Eliza Douglas is smiling—but nothing feels particularly funny.
What you see is more of an animal grin, the tensed jaw and bared teeth of a creature that is scared or threatened. The eerie expression appears in a two-channel work displayed within a small, bunker-like room that punctuates Anne Imhof’s new solo show at the Stedelijk Museum in Amsterdam, serving as the crescendo of the German artist’s foreboding new project, “Youth.”
One of this show’s organizers, curator Beatrix Ruf, had been planning the show for Moscow’s Garage Museum. “Youth” was set to open in April there as a co-production between the Garage, the Hartwig Art Foundation of the Netherlands, and the Stedlijk, where it was meant to stop at a later date. Simultaneous shows at Imhof’s galleries, at Buchholz in New York and Spruth Magers London this fall, would serve to amplify Imhof’s voice further.
But plans changed. Imhof and a local team had been shooting new films around Moscow when the war broke out in late February. Two days later, the Garage called off all of its programming. “We all knew there were tanks around Ukraine but many of us believed in the power of diplomacy,” noted Imhof during opening remarks on Thursday, September 29.
Ruf, who had been working with the Garage on strategy and programming, added that the lead-up to the war was a time when she and other art professionals were coming to grips with the “limits of soft power.” The hard power and reality of war slammed the brakes on all that.
The war marked, too, a sharp end to a decade-long evolution of cultural ties, a time when the art world grew cozy with Russian institutions. Deep pockets in Moscow allowed for ambitious artistic projects. New institutions sprang up as art hubs, including the Garage Museum, which opened in 2008 with funds from Russian art collectors Dasha Zhukova and Roman Abramovich. Now, Abramovich are on sanctions lists, blacklisted by much of the art industry.
The snuffed-out first life of the Russian show that never came to be lingers like a ghost in the exhibition at the Stedelijk, which includes those films shot in Moscow. They’re interspersed within a layered, labyrinthian, anxiety-inducing installation that gamifies exhibition space and art viewing. Viewers wander between gym lockers, stacked car tires, and industrial water vats built into a maze of dead ends and closed-off rooms. In other areas, you find Red Bull cans or mattresses. Glass paintings, with key scratches and graffiti, lean against the walls.
Most notably of all, there are no in-situ live performers here. It took time for the Stedelijk to embrace this turn, given that live performances had become the most immediately recognizable (and ticket-driving) aspect of Imhof’s work. The art public has come to be familiar with the select group of performance artists who populate Imhof’s entropic scenography (indeed, Douglas has become a star herself), their characteristic expressions conveying something between boredom and threat. Recent exhibitions at the Palais de Tokyo and the Tate set off frenzies, with packed shows creating a spectacle.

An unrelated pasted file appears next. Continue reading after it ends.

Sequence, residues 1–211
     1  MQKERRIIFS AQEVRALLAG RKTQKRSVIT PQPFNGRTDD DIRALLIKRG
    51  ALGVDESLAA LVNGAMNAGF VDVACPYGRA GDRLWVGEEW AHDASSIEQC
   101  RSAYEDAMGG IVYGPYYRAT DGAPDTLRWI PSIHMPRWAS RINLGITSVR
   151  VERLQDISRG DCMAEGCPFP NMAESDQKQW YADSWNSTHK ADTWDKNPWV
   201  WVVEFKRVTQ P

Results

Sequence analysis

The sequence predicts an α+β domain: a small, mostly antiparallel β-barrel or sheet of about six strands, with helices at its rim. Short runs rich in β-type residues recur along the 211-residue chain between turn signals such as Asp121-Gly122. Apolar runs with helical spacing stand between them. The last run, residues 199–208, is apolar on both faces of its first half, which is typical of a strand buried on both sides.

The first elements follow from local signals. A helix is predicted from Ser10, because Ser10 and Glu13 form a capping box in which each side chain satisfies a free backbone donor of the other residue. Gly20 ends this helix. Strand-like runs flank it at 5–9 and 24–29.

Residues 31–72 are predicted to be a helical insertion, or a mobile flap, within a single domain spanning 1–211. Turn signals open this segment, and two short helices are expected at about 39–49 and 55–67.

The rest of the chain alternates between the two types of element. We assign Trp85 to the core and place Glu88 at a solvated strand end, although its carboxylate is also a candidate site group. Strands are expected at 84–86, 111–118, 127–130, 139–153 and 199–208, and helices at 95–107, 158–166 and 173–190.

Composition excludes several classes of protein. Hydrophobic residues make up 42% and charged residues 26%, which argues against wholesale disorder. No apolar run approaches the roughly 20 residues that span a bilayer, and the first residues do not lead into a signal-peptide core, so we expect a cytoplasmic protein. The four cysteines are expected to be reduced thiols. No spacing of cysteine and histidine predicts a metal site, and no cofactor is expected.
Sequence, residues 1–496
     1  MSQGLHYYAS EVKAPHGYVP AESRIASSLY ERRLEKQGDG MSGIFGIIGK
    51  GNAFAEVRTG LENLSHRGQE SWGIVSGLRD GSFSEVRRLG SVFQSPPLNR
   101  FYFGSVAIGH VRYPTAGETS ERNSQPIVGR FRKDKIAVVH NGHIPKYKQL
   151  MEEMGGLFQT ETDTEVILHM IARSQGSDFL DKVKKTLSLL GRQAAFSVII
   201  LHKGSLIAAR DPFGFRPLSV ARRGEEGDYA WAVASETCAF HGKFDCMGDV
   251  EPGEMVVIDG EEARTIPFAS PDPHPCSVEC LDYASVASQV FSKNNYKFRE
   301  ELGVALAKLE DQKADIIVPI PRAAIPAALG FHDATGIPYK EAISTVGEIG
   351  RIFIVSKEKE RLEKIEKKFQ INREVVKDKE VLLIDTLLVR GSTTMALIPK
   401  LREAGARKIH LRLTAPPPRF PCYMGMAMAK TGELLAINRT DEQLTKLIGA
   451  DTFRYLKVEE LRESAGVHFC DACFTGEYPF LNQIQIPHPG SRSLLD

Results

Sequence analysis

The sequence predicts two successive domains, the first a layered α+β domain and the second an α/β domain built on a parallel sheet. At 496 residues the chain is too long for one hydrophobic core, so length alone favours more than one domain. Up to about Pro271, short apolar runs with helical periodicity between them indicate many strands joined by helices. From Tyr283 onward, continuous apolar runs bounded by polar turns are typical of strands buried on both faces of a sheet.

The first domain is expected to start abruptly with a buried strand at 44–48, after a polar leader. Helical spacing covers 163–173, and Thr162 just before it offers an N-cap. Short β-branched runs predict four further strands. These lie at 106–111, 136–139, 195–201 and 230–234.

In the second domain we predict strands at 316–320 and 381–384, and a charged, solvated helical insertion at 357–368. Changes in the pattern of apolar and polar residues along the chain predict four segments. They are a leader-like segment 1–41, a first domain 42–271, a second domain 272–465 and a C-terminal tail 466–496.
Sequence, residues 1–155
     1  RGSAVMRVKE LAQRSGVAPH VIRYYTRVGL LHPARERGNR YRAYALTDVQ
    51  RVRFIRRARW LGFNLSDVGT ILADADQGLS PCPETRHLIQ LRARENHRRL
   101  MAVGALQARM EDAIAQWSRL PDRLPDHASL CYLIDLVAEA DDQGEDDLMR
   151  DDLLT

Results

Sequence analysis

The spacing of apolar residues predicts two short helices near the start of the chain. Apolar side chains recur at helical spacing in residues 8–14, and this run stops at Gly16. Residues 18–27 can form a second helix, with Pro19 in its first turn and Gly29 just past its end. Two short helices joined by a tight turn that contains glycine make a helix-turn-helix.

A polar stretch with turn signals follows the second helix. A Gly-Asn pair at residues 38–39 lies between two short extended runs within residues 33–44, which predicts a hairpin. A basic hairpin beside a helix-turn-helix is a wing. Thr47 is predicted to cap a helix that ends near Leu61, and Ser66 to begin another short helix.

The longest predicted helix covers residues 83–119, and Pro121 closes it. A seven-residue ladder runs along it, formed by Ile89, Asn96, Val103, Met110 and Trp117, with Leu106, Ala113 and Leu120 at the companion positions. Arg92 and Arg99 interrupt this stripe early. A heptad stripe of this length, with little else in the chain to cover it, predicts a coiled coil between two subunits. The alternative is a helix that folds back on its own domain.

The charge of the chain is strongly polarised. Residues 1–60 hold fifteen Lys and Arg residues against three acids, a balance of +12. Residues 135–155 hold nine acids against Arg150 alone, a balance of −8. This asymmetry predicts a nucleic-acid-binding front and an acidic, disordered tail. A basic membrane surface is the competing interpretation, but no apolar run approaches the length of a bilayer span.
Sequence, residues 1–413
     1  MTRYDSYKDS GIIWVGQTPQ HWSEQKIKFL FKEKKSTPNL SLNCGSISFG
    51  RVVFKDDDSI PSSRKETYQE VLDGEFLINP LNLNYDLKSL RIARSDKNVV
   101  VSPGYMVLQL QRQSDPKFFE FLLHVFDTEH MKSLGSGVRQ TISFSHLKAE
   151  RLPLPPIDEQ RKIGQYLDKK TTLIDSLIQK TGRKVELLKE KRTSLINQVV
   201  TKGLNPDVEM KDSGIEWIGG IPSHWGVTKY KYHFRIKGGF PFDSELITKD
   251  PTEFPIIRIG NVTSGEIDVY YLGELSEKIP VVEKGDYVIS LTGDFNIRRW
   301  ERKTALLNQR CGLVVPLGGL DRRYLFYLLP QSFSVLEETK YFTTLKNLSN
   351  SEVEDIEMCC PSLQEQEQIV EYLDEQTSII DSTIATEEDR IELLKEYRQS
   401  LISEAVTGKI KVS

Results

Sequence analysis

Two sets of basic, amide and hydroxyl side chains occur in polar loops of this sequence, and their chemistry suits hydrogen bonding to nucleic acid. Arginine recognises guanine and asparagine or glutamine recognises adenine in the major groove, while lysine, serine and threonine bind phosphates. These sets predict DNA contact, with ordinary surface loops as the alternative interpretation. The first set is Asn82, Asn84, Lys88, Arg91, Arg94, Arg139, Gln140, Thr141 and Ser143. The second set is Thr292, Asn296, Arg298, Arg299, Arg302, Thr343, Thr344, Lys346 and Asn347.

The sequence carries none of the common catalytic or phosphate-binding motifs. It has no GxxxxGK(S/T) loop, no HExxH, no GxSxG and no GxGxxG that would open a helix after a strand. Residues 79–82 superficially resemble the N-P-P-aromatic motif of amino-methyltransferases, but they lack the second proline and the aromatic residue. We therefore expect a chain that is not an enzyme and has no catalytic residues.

Surely, some visitors will be disappointed to have missed out on a social media moment when they come to the Stedelijk. But the absence feels here like a natural next step for Imhof—even a brave one for an artist who seems keen to more deeply probe her big themes of death, sex, fear, and anticipation. Rhein Wolf, director of the Stedelijk museum called the turn an “extremely important development” for Imhof. The quiet in the galleries feels both unsettling and purposeful.
Instead of incarnated in-person spectacle, Imhof makes avatar versions of Douglas the work’s protagonist, her image flickering around the space in scattered videos. Watching footage of Douglas walking away through a landscape of snowy ruins filmed in Moscow is poignant, and feels symbolic—this may indeed be the last artwork made by an international artist on-site Russia for a long time.
Another protagonist of this show is sound itself. In a collaboration, German rapper Ufo361 and Venezuelan musician Arca have created a score that haunts the space. Elsewhere, a Renaissance song from 1553 on the theme of guilt and redemption is heard.
A lurking sense of violence is everywhere here, an uneasy feeling that the next moment might bring anything. Being able to deliver that cinematic tension, even without on-site performers, is proof of Imhof’s brilliance. But the power of “Youth” is also in how it remains a vessel empty enough that one can fill it in with one’s own projections. The missing bodies, the occasional barrage of sound, the sense of lost time, the search for an exit—all of that echoes with the calamitous feeling of war drumming away in the background.
“Youth” by Anne Imhof opens to the public on October 1 at the Stedelijk Museum in Amsterdam.